Apr 6th 2009

Obama in Istanbul: Test for the West

by Nathan Gardels

Nathan Gardels has been editor of New Perspectives Quarterly since it began publishing in 1985. He has served as editor of Global Viewpoint and Nobel Laureates Plus(services of Los Angeles Times Syndicate/Tribune Media) since 1989. These services have a worldwide readership of 35 million in 15 languages. Gardels has written widely for The Wall Street Journal, Los Angeles Times, New York Times, Washington Post, Harper's, U.S. News & World Report and the New York Review of Books. He has also written for foreign publications, including Corriere della Sera, El Pais, Le Figaro, the Straits Times (Singapore), Yomiuri Shimbun, O'Estado de Sao Paulo, The Guardian, Die Welt and many others. His books include, "At Century's End: Great Minds Reflect on Our Times" and "The Changing Global Order." Since 1986, Gardels has been a Media Fellow of the World Economic Forum (Davos). He has lectured at the Islamic Educational, Scientific and Cultural Organization (ISESCO) in Rabat, Morocco and the Chinese Academy of Social Sciences in Beijing, China. Gardels was a founding member at the New Delhi meeting of Intellectuels du Monde and a visiting researcher at the USA-Canada Institute in Moscow before the end of the Cold War. He has been a member of the Council of Foreign Relations, as well as the Pacific Council, for many years. From 1983 to 1985, Gardels was executive director of the Institute for National Strategy where he conducted policy research at the USA-Canada Institute in Moscow, the People's Institute of Foreign Affairs in Beijing, the Swedish Institute in Stockholm and the Friedrich Ebert Stiftung in Bonn. Prior to this, he spent four years as key adviser to the Governor of California on economic affairs, with an emphasis on public investment, trade issues, the Pacific Basin and Mexico. Gardels holds degrees in Theory and Comparative Politics and in Architecture and Urban Planning from UCLA. He lives in Los Angeles with his wife, Lilly, and two sons, Carlos and Alexander. Gardels plays the cello on his free time.

ISTANBUL - "If we can show that a big Muslim nation can modernize itself with the help of friends," former German Foreign Minister Joschka Fischer has argued on behalf of Turkey's admission to the European Union, "it demonstrates that a strong civil society, equal rights for men and women, the rule of law, an independent judiciary, a modern administration and modern economy are not in contradiction to Islam. This would be the most powerful message against the jihadists and terrorists."

That is certainly President Barack Obama's hope when he attends the UN "Alliance for Civilizations" gathering in Istanbul this week after a pointed visit in Ankara to the grave of Ataturk, modern Turkey's secular saint and founder. The meeting is of particular importance because Mohamed Khatami, the reformist former president of Iran is a key member of the group, as is Federico Mayor, the former secretary general of UNESCO who, long before 9/11, extolled the tolerant virtues of "La Convivencia" -- the peaceful coexistence of Muslims, Jews and Christians in Andalusian Spain from 711-1492.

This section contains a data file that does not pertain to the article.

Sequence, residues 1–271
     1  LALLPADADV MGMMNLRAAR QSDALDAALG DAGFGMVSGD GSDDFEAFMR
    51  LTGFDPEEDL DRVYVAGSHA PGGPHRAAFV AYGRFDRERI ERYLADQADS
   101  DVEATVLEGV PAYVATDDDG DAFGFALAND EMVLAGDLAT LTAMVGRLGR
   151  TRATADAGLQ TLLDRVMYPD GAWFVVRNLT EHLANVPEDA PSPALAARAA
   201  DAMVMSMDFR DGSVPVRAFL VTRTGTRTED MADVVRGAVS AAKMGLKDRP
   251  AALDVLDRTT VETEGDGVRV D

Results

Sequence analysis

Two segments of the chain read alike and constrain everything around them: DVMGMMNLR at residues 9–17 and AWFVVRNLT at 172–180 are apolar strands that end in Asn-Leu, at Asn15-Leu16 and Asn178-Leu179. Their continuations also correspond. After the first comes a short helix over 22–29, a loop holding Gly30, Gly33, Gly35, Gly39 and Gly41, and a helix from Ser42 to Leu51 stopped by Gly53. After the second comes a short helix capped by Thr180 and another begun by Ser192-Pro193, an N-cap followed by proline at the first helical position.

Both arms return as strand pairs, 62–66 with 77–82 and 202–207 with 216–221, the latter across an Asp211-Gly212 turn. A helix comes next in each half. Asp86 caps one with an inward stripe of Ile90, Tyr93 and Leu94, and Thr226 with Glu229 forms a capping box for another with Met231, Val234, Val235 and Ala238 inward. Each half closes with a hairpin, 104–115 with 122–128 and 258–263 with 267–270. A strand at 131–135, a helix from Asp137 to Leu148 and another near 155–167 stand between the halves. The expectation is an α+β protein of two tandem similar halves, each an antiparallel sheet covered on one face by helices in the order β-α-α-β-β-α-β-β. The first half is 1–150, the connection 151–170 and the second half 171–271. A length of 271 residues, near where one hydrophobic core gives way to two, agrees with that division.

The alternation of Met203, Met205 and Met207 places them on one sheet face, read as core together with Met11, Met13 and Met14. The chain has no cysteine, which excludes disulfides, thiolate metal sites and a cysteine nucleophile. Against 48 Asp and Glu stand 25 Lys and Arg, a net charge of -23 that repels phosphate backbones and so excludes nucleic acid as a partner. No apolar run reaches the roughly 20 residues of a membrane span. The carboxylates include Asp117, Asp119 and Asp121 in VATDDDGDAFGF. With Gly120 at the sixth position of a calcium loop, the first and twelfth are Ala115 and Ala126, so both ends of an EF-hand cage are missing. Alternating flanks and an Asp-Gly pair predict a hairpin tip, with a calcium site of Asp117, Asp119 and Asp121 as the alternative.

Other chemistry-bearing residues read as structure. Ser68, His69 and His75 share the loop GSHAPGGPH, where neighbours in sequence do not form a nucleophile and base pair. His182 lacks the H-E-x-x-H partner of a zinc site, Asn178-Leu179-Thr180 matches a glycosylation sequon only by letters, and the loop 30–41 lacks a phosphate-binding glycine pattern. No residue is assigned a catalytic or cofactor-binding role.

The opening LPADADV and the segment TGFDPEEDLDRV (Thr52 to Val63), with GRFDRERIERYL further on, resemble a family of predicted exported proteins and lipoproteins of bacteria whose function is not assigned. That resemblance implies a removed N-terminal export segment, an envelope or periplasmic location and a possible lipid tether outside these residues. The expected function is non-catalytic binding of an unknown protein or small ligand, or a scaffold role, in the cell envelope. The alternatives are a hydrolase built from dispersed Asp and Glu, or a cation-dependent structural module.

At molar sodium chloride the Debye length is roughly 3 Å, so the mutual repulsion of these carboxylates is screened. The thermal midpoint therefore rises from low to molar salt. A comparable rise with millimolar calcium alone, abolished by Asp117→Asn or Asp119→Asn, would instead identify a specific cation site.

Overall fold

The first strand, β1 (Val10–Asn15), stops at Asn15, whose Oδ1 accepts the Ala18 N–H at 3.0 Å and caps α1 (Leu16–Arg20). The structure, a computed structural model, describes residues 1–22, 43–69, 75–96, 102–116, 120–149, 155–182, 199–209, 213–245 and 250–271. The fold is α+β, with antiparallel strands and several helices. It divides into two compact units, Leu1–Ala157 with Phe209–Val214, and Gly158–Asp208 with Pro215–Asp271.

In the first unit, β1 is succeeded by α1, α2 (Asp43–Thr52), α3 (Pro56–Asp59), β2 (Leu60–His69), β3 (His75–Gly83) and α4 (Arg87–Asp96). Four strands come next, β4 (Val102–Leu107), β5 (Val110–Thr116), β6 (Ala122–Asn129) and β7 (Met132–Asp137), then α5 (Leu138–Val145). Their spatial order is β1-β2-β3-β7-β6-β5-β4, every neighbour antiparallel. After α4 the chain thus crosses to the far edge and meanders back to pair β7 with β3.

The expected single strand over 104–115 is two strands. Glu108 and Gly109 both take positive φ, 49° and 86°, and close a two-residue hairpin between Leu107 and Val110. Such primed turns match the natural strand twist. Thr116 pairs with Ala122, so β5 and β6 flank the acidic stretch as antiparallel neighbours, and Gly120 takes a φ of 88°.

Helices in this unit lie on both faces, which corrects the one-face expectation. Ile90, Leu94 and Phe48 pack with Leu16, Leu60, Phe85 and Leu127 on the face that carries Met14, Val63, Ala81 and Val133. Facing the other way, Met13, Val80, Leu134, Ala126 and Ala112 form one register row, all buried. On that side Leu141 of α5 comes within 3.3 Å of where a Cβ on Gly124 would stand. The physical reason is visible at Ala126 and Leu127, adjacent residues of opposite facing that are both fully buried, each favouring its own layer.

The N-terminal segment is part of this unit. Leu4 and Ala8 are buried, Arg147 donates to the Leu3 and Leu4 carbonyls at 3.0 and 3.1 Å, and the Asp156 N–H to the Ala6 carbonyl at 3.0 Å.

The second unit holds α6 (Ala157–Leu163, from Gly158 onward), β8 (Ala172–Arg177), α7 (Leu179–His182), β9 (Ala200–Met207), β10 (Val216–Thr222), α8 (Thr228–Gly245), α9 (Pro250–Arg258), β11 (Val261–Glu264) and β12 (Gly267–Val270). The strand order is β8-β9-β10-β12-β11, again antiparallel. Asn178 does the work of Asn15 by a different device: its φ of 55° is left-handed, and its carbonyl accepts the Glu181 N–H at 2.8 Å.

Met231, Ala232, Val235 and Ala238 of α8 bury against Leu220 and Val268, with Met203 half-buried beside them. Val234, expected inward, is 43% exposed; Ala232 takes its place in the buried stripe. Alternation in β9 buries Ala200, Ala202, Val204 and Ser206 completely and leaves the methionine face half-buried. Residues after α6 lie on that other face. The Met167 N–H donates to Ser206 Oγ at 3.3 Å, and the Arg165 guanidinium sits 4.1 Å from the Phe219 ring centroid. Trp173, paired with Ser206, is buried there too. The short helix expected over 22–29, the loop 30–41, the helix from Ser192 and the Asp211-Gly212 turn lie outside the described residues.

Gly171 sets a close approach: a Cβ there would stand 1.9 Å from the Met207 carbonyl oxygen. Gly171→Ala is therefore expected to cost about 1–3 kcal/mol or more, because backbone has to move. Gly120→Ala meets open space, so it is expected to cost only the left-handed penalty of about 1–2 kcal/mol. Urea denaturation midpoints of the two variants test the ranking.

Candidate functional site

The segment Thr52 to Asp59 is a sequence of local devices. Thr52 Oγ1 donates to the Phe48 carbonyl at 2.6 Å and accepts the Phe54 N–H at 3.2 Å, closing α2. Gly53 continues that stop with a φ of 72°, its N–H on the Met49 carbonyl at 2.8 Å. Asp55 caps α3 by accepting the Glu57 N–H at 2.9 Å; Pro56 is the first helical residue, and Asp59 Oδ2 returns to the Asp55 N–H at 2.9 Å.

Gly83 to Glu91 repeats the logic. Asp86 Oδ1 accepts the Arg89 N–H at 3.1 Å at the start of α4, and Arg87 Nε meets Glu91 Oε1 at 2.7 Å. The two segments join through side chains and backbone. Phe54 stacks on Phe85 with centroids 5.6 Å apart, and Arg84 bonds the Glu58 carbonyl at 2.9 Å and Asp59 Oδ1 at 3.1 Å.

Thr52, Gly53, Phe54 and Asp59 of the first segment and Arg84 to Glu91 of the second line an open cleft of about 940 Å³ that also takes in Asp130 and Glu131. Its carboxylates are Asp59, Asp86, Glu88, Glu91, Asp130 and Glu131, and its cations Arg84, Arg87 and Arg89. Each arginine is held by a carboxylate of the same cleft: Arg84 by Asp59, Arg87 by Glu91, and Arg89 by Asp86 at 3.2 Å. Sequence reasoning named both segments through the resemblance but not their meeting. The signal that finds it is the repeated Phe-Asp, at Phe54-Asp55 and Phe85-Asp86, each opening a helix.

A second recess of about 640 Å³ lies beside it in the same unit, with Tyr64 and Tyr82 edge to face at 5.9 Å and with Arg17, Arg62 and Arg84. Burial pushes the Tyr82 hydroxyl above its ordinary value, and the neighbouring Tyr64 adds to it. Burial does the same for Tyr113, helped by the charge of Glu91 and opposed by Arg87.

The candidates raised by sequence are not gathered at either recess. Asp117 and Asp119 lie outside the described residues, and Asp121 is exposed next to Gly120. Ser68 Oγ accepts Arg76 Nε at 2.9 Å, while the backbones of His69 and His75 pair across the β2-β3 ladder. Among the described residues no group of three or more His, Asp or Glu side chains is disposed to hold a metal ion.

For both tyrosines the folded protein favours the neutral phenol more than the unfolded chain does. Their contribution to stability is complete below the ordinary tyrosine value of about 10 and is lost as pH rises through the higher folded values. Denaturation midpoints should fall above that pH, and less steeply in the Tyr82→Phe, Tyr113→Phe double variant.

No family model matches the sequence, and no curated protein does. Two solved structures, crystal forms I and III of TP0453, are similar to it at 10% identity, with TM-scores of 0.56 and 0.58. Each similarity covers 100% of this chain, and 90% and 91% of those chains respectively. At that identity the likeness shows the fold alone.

Whether Obama's hope is justified is indeed the great test for the West in relations with the Muslim world.

Millions of secular Turks who have marched in the streets in the past couple of years worry that the rise of the Islamic-rooted Justice and Development Party (AKP) to power amounts to "the state being taken over from within" by Islamists who aim to slowly corrode secular rule with a long march through the institutions. In their eyes, it might begin with banning billboards in Istanbul that display women in bikinis or separating boys and girls at the public swimming pool, advance to criminalizing adultery or banning alcohol and one day lead to the establishment of a full-fledged 21st century caliphate.

As always, the nexus of the clash between the West and Islam is the role of women. The Turkish sociologist Nilufer Golë has put her finger somewhat provocatively on precisely what secularists fear might be taken away, but also on what Muslim women are gaining.

"In contrast with the West," she has written, "where the public sphere was first formed by the bourgeoisie and excluded the working class and women, in the Muslim context of modernity women have been the makers of public space. In the Muslim context, the existence of democratic public space depends on the social encounter between the sexes and on the eroticization of the public sphere."

The wearing of the headscarf in universities -- which the AKP has now allowed -- is the flash point of the conflict. To be sure, the headscarf issue signals changing private and public distinctions through the re-entry of religion into the public arena of modern Turkey. But since headscarf proponents argue that it will enhance the opportunities of women in higher education, it also serves as a critique of the idea that only secularism equals modernity.

"Women proponents of the headscarf distance themselves from secular models of feminist emancipation," Gole argues, "but they also seek autonomy from male interpretations of Islamic precepts. They want access to secular education so they can follow new paths in life that don't conform to traditional gender roles, yet they also seek to fashion a new pious self. They are searching for ways to become Muslim and modern at the same time, transforming both."